South African teens are right up there with their US and UK counterparts when it comes to being overweight, a local study has found.
The study says SA teenagers are inactive and spend too much time on social networks, on their cellphones and in front of the television. They are putting themselves at risk of performing poorly academically and contracting chronic diseases.
North West University’s ongoing study on 14-year-olds also found that far too many children were either overweight or underweight – a risk factor for lifestyle disease such as diabetes, heart disease and hypertension.
Professor Andries Monyeki, the lead researcher from that university’s School of Biokinetics, Recreation and Sport Science, said the study’s data placed SA among the most obese nations – putting it in third place behind the US and the UK.
Monyeki said that while children were ideally required to walk about 10 000 steps (about 8km) a day to minimise the risk of lifestyle disease, SA children walked far less, and were finding themselves in a critical stage of inactivity.
Partly funded by the Medical Research Council and National Research Council, the five-year study was carried out among 256 adolescents – about 100 boys and 156 girls in Tlokwe Municipality in North West.
Started in 2010, it focuses on health and physical fitness activities of high school pupils and set out to ascertain whether an active lifestyle was lacking in their daily lives and if so, what could be done about it.
Body weight, height, triceps and sub-scapular skinfolds were measured while body fat and the body mass index (BMI) were used to determine underweight and normal weight of participants.
While the final findings will be released only in 2014, preliminary results showed that about 36 percent of the 14 year-olds were underweight and almost 14 percent were overweight – putting all teenagers in these two categories at risk of obesity, high blood pressure, cardiovascular diseases and diabetes.
Boys were found to be more underweight at about 44 percent compared with almost 31 percent of girls. The prevalence of overweight was 8 percent among boys compared to 17.3 percent of girls.
Monyeki said that while obesity was taken more seriously by many as it was associated with lifestyle diseases, being underweight was as problematic, with research showing that those who had a BMI of less than 25 were at risk.
“Understanding the trends of obesity and being underweight in adolescence is important because it is associated with adverse effects on health and social repercussion in adolescence and adulthood.
“Research also shows that being inactive not only affects your health later in life, but it can also leads to poor academic performance.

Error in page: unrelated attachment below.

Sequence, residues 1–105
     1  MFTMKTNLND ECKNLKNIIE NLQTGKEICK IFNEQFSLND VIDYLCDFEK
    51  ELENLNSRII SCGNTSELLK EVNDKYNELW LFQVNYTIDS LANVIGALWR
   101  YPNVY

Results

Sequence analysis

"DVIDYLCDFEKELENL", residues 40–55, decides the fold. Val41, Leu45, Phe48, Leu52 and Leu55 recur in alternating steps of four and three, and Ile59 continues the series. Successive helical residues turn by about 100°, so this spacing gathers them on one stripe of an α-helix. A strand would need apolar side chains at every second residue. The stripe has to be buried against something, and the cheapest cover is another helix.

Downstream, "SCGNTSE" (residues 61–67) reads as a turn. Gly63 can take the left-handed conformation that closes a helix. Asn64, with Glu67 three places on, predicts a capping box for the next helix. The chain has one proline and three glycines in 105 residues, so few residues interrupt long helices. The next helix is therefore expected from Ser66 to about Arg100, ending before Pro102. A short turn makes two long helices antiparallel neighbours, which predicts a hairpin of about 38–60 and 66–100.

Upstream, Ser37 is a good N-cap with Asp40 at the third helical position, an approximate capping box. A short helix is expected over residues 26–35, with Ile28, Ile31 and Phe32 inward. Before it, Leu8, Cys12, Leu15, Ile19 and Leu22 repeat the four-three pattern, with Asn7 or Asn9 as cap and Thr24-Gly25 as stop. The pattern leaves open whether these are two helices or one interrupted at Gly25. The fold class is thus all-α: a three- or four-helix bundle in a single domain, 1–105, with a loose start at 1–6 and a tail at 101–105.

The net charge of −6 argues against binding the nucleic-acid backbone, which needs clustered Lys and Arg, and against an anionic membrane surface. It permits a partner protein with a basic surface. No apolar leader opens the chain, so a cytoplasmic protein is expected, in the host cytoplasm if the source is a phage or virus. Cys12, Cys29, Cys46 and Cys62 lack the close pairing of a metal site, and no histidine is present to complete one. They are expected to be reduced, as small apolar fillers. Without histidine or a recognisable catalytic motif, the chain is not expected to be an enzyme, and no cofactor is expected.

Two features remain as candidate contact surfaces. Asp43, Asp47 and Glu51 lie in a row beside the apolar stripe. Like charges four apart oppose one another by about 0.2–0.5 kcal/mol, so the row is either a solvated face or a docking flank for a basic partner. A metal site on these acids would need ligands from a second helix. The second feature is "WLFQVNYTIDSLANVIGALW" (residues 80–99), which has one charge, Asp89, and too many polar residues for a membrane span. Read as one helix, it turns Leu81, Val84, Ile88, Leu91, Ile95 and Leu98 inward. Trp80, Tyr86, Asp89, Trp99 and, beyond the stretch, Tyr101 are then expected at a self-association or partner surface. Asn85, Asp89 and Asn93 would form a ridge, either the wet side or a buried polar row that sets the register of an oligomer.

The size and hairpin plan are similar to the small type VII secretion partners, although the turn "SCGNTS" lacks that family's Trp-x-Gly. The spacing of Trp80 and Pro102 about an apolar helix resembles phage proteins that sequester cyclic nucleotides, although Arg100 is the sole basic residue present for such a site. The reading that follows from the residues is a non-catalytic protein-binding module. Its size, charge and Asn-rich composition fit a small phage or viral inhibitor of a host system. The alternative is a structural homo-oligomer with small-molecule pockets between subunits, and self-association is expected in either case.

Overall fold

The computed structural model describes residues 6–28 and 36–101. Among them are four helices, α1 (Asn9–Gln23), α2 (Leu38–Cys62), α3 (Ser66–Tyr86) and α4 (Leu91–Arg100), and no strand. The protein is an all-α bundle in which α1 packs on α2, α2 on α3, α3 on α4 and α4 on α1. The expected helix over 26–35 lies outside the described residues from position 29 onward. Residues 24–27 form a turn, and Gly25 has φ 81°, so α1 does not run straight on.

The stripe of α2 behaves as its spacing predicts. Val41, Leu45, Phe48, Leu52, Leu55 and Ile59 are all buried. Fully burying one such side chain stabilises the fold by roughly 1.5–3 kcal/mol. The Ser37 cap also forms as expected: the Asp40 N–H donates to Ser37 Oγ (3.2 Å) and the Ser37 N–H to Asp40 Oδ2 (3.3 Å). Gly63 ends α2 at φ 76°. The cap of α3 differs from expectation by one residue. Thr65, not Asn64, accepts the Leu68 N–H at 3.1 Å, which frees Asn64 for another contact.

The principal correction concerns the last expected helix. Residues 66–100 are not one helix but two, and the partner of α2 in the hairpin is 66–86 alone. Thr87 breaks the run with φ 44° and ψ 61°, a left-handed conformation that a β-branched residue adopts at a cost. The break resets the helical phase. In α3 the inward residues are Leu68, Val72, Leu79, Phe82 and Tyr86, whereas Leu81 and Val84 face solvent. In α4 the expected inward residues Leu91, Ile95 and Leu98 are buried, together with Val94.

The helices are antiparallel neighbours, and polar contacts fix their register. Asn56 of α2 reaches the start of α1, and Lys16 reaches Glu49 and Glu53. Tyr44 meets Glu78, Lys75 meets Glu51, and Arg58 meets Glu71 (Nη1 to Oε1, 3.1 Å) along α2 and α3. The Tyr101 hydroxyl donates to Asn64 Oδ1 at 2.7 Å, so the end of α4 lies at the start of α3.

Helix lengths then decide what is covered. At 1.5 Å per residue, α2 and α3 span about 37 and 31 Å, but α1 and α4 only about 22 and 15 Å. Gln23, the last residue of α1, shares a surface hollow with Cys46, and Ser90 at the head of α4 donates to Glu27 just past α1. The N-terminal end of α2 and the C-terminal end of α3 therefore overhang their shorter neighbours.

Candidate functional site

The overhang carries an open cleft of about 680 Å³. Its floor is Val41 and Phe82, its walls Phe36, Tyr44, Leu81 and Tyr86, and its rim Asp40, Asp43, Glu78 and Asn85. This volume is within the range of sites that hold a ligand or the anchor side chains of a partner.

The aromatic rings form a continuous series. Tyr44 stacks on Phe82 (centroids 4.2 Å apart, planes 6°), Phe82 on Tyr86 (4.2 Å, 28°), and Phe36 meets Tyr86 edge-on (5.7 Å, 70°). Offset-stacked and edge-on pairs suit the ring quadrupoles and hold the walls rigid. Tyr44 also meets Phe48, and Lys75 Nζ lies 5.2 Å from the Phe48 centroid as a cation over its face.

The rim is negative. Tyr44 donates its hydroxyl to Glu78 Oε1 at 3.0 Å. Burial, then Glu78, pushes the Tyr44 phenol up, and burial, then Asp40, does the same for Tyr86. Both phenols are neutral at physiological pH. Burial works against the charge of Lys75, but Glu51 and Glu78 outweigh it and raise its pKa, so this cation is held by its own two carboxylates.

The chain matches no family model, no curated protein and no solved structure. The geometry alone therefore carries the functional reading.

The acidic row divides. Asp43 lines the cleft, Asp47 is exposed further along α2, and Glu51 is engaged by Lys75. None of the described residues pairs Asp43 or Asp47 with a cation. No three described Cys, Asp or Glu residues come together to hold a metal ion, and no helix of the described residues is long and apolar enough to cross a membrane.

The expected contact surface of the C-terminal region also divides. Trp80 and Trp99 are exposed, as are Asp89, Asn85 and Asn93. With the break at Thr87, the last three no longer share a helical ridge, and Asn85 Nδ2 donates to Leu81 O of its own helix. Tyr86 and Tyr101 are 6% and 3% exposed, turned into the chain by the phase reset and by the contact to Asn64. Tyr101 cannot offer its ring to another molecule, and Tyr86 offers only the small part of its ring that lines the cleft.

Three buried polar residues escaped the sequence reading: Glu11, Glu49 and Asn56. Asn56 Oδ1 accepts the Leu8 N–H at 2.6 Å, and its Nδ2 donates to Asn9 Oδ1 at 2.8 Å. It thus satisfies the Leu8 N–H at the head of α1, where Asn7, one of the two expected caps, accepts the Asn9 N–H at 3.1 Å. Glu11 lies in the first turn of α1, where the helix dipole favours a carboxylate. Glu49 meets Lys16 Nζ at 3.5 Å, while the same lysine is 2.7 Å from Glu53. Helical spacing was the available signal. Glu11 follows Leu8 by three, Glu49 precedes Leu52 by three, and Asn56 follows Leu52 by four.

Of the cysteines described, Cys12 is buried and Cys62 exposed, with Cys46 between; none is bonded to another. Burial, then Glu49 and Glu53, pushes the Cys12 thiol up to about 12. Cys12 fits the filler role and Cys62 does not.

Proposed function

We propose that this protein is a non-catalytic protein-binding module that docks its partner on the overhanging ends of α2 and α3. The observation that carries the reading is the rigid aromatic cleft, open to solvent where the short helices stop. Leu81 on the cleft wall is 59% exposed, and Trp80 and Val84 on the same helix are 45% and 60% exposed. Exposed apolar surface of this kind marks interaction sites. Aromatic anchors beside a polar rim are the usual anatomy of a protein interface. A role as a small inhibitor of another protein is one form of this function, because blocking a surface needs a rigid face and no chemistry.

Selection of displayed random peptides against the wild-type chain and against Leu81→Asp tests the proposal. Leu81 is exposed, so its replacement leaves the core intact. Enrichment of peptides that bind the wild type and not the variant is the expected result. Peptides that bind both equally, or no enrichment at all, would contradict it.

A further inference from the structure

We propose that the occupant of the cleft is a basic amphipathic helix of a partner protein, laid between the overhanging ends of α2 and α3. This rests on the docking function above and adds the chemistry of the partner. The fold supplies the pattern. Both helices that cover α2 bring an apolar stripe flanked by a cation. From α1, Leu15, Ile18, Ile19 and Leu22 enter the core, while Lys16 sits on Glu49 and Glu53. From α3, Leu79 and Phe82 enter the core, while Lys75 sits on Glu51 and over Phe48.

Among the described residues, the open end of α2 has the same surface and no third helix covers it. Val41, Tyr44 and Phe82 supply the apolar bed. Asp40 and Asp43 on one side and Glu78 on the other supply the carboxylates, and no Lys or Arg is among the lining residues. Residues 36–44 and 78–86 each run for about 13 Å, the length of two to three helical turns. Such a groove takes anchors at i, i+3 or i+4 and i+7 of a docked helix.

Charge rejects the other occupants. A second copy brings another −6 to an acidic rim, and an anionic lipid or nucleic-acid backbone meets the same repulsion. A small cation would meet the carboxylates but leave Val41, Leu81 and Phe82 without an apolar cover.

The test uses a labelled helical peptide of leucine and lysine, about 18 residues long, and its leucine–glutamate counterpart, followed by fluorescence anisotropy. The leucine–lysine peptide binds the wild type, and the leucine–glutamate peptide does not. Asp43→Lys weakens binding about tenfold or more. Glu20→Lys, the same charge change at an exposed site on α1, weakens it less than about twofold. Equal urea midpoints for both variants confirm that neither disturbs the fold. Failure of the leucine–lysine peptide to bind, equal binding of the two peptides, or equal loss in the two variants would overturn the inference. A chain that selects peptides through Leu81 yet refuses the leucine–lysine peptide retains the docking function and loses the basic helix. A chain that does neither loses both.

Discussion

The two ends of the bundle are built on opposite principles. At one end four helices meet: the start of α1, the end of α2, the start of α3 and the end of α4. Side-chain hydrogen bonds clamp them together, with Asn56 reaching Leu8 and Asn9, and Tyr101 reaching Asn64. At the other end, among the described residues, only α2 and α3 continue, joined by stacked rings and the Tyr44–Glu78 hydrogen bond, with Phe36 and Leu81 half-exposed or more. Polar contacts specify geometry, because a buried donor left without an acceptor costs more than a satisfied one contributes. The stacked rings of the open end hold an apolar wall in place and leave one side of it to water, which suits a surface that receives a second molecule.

“An unhealthy lifestyle can in turn have a huge impact on personal and the state’s pockets because individuals become ill more often,” said Monyeki.
He raised concerns about children who spent up to three hours in front of television or cellphones, saying that an inactive lifestyle largely washed over to adulthood, resulting in a sicker nation.
Health Minister Aaron Motsoaledi has been on a health drive to get more children to eat less junk food and to exercise more.
The ministry has suggested targeting fast food companies as part of the campaign.
School and home to blame for bad nutrition
A lack of knowledge about nutrition at home and at school tuck shops are to blame for rising obesity levels and poor nutrition of children, a city dietitian has warned.
Reacting to a study that ranked SA children as the third most obese in the world, Dr Martani Lombard, a manager of the Nutrition Information Centre of the University of Stellenbosch said that although inactivity was responsible for the poor lifestyle of many children, unhealthy food eaten at home and schools was also a major contributor.
“Lots of these tuck shops don’t sell healthy foods, but refined starch, pastries, chips and sweet cooldrinks. Many say they don’t sell healthy food because no one buys it. But the responsibility lies with parents,” she said.
Last year Westcott Primary in Diep River won R25 000 from Discovery Vitality after it was chosen as the school with SA’s healthiest initiatives. It replaced chips and chocolates with yoghurt and low-GI bread.
Dietary hints for children
The Stellenbosch University-based Nutrition Information Centre, otherwise known as Nicus, says that to provide all essential nutrients that a child needs, the meals and snacks they are given should include a variety of foods from each group of foods including grains, meat, fruits and vegetables.
General guidelines for children, particularly 12 years and younger, include:
* Eat plenty of fruits and vegetables every day (about five a day).
* Eat legumes such as peas, beans and lentils regularly.
* Meat and fish can be eaten every day.
* Use fat and salt sparingly.
* Drink lots of clean, safe water.
* Eat lots of fibre-containing grain products.
* Be active and restrict sitting time to about two hours.
* Sweets and snacks should be eaten in moderation. - Cape Argus